Subject: Help with cedar log home.
Date: Tuesday, 13 Oct 2020
Can you recommend how to fill this hole in the corner of my house? You can see how the rain doesn’t drain well in this corner.
We certainly can. As with most things, the devil is in the details. I’ll explain.
First, the wood looks quite wet. If I were going to repair this, the first thing I would do is set up some plastic sheeting so that new moisture didn’t get to the logs. Then I would work on drying out the wood. A hair dryer or heat gun can be used to dry the surface. If the wood is as wet as it seems, then the surface should re-wet quickly. So you would repeat, until the surface remained dry. This would allow you to fix the damage.
It appears to be white rot. But even if not, the repair is the same. Remove any rotted material that easily comes away. Soak the remainder with as much S-1 Sealer as the wood wants to take readily. If it stops, or slows down significantly, stop applying, and give the wood about a week to cure. This will stabilize and strengthen the wood. It can be hard to tell how much the wood will absorb, especially from images. My guess would be around one gallon. The S-1 is an excellent product to be applied anywhere moisture might easily get into the wood, like end grain. So it might be a good idea to buy more that you think you need for this job, and use the extra to seal the ends of the logs that are getting significant moisture. Typically, lower logs, and logs that face the driving rain. In our area, the southwest. After the S-1, comes filling in the missing material.
We have three filling products. All are strong, the main difference is the thickness. The General Purpose (GP) Epoxy Resin is about the consistency of honey. We do sell a lot of this product to log home owners, because log rot is often below the surface, and this being pourable, can be used to fill internal cavities. In your case, a brush coat over the damaged area would be good, but you wouldn’t need too much. Maybe two quarts.
The next thickest product is the Sculpwood Epoxy Paste. It is thick enough to apply in layers of about 1/4 to 1/2 inch without sagging, but thin enough to push into the smallest crack. Using a putty knife, or even your gloved hand, I would use this to fill cracks, and build up a smooth surface. You could certainly fill the entire cavity with this, but you would have to do it in layers of about 1/4 inch at a time.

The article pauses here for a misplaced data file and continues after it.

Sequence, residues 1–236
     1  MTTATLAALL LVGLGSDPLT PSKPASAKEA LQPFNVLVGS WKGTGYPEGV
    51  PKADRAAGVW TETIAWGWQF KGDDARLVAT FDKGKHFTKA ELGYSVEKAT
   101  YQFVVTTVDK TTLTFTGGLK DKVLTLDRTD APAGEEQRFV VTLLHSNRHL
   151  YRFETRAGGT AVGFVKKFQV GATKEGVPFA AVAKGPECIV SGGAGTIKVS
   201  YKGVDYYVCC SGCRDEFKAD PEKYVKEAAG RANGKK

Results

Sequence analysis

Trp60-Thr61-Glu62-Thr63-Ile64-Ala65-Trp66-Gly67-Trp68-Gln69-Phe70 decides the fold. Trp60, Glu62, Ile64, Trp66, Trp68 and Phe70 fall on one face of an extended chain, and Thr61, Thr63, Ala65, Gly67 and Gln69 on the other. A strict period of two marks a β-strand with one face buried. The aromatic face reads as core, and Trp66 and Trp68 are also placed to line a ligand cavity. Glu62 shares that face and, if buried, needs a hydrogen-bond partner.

It would be easier and quicker to do the majority of the fill with the Sculpwood Epoxy Putty. This is a thick putty, mixed with your gloved hands, and packed in to the cavity. It can be done straight, but I prefer to do a wetting coat of either the GP Resin, or the Sculpwood Paste. The Putty is slightly dry to get the strongest bond on its own. My best guess for quantities is some combination of 2 gallons of the Sculpwood Paste and Sculpwood Putty.
Structurally, this should be a strong, permanent repair. I don’t think that it is strictly necessary, but I might consider putting some pieces of polyethylene plastic in the approximate places where the two logs originally touched, to be left in place. This will introduce weak spots where cracks can form, if the two logs swell and shrink from moisture. Much like putting weak spots in concrete, it would be better to have a weak spot between the two logs, just in case.
That just leaves cosmetics. The two Sculpwood products are beige in color when cured. We do sell a brown resin dye that could be used to tint the beige color darker. Or you could use dry pigments from an art supply store to get the filler to any color you like. Just make sure that it is dry pigment, not any liquid.